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Indie rock bands that are worth listening to are somewhat few and far between at the moment. The Big Moon have ideas however, with the refreshing all-female four-piece set to drop their debut album, Love in the 4th Dimension, this Friday – a record that has already spawned a number of ear-worming singles that have climbed the BBC playlists. The London quartet have spent the last year slogging their way across the tireless UK gig circuits, supporting the likes of The Vaccines and The Maccabees, as well as accruing their own fan base, with sold out show’s at London’s infamous 100 Club and Scala also receiving rapturous acclaim from critics in the process. Here’s what happened when I caught up with the girls after their 100 Club show to discus the future, inspirations and what it’s like being one of few female acts in a male-dominated environment.

How was the experience of writing your debut album?

Juliette: We had a mountain of songs to wade through, its hard to pick your top faves cos we love all of them. We had to throw them in a bucket of water and just record the ones that float. Cos that means they are the good eggs, right? Or are they the bad eggs? Well whatever, it’s an omelette concept album.

How does it compare playing your own shows such as at the 100 club to supporting big established bands such as The Vaccines and The Maccabees?

Fern: They don’t really compare, they’re completely different to me. I find our own shows a little scarier because you’re not sure if anyone will show up and when they do, it’s really exciting. Where with support slots, the pressure is off, at least for me anyway. If you get to win people over, amazing, if not, that’s ok too.

Soph: Yeah I feel the same I think. And I always feel more confident with bigger crowds!

What was it like playing these bigger venues on support tours, do you have any interesting tour stories?

Fern: It was insane, we were lucky to play in some beautiful theatres, so it was a real treat to play some of those stages. Tour stories?! What happens on tour mate…

 

When you get up on stage as a band you all have great charisma and a natural chemistry, does this come from being such good friends outside the band?

Juliette: Yes, I really feel like I’ve found three bezzies in this band. I love you all so much guys.

Celia: SAME!!!!

The lyrics are a big part of The Big Moon’s sound. How do you go approach writing your music and what inspires you?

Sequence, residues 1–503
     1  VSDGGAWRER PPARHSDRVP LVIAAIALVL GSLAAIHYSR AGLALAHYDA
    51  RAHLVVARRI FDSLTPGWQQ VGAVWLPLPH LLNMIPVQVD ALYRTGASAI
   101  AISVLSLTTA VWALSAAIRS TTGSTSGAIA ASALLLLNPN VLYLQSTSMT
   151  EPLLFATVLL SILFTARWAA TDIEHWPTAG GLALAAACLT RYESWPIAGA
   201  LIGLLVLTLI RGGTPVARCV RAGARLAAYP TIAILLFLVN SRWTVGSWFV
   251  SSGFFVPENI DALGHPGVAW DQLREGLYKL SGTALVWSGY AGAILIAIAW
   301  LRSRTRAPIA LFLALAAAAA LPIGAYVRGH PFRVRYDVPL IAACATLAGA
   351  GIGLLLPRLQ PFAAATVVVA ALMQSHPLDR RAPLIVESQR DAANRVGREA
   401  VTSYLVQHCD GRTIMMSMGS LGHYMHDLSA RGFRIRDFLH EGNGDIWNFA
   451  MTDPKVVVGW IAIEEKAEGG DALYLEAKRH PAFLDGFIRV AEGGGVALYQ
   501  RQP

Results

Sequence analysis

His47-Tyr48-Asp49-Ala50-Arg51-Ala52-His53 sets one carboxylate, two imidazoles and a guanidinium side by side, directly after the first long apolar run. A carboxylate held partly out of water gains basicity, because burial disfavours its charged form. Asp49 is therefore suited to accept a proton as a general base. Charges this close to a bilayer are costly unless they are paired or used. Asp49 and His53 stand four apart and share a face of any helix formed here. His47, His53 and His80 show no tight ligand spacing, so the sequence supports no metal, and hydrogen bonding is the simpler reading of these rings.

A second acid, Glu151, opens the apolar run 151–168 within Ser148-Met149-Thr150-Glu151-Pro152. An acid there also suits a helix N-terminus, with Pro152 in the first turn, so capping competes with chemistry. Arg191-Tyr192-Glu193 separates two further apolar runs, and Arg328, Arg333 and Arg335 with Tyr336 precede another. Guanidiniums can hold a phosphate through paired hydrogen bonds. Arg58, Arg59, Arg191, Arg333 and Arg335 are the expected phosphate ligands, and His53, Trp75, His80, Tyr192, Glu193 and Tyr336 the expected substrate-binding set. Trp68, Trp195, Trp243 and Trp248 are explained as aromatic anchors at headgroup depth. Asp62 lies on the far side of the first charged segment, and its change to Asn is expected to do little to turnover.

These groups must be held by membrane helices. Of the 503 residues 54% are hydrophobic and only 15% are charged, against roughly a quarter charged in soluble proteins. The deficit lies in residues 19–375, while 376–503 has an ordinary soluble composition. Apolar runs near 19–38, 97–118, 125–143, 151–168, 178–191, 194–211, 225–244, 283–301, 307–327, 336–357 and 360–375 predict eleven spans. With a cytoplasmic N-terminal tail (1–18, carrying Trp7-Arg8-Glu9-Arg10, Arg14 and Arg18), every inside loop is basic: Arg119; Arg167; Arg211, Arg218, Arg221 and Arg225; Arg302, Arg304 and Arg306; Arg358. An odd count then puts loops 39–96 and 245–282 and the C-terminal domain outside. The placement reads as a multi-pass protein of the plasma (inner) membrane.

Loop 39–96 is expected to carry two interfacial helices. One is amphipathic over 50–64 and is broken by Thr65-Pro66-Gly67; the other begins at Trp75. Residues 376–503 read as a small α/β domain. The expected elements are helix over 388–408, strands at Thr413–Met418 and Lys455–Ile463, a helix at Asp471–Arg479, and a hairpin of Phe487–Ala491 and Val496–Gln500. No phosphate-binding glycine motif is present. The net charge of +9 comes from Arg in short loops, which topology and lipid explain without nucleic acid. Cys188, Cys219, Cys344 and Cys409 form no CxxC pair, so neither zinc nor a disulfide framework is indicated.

Juliette: I find inspiration in anything… Whatever makes you feel things, whether it makes you laugh, cry, sneeze or wretch or fall over, and I always write about real life things. I love to throw in something utterly ridiculous every now and then, something that just conjures up some bizarre image that somehow connects to the rest of the song but I could never explain why.

It’s an omelette concept album

What sort of artists and bands inspired you to start making music in the first place?

Juliette: Pixies are probably my favourite band ever, and they really made me want to write songs and play guitar. I also love The White Stripes and compulsive gamblers and then things like Love and Roy Orbison and Talking Heads and Orange Juice and LCD Soundsystem and Marvin Gaye, altogether they sound a bit random, but I just think they all write very GOOD SONGS which is the most important thing.

In a recent radio show on BBC Radio 1 Ellie Rowsell (of Wolf Alice) spoke to Annie Mac about the lack of all girl guitar bands, how does it feel being one of those acts and do you feel like this has had an effect on your growing success?

Fern: There are fewer of us, but I think we’re getting to a turning point. We’ve played shows with loads of great female musicians and there are some great all female bands out there right now, especially Girl Ray. Caught them playing with Whitney a few months back, they’re a great band.

Celia: The idea that what we’re doing would be considered pioneering is a little crazy given all the musicians that have gone before us and created space for a band like ours. But what we do try and do is exactly what we want to do and what we feel is right. And people always bring up the fact that we’re all women, because it’s true that at the moment there are less women in this industry, BUT if you keep pointing something out as exceptional you reinforce the idea that it’s an exception rather than allowing it to be seen, as Fern says, as part of a larger overall shift. Or you could just think of it as a good song by a cool band. That would be nice too!

As a band beginning to breakthrough into the big time what advice would you have to any acts starting out in the music industry today?

Juliette: Don’t give up! Just keep on trying.

Soph: Totally! There will often be setbacks, or things that happen that make you feel disheartened. But if you’re in a band there is something really cool about going through that stuff and being in it together. It’s just finding those people to surround yourself with, people that support you, and get what you’re doing, and that you can have fun with!

 

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